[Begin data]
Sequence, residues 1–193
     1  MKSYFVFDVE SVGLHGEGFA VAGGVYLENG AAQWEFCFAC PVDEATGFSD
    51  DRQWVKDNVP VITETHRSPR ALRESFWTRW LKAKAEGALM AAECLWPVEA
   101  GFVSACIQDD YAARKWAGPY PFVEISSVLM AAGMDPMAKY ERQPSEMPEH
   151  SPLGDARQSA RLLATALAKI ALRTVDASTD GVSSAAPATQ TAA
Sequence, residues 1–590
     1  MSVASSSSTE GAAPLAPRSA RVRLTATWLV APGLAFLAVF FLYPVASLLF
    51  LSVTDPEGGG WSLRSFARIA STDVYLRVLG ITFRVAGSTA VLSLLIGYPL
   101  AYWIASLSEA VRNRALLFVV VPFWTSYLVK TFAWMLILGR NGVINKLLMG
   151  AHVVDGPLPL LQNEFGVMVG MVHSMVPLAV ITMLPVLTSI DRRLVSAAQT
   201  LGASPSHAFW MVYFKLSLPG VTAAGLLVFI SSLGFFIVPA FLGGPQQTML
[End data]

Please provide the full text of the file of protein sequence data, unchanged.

Sequence, residues 1–193
     1  MKSYFVFDVE SVGLHGEGFA VAGGVYLENG AAQWEFCFAC PVDEATGFSD
    51  DRQWVKDNVP VITETHRSPR ALRESFWTRW LKAKAEGALM AAECLWPVEA
   101  GFVSACIQDD YAARKWAGPY PFVEISSVLM AAGMDPMAKY ERQPSEMPEH
   151  SPLGDARQSA RLLATALAKI ALRTVDASTD GVSSAAPATQ TAA
Sequence, residues 1–590
     1  MSVASSSSTE GAAPLAPRSA RVRLTATWLV APGLAFLAVF FLYPVASLLF
    51  LSVTDPEGGG WSLRSFARIA STDVYLRVLG ITFRVAGSTA VLSLLIGYPL
   101  AYWIASLSEA VRNRALLFVV VPFWTSYLVK TFAWMLILGR NGVINKLLMG
   151  AHVVDGPLPL LQNEFGVMVG MVHSMVPLAV ITMLPVLTSI DRRLVSAAQT
   201  LGASPSHAFW MVYFKLSLPG VTAAGLLVFI SSLGFFIVPA FLGGPQQTML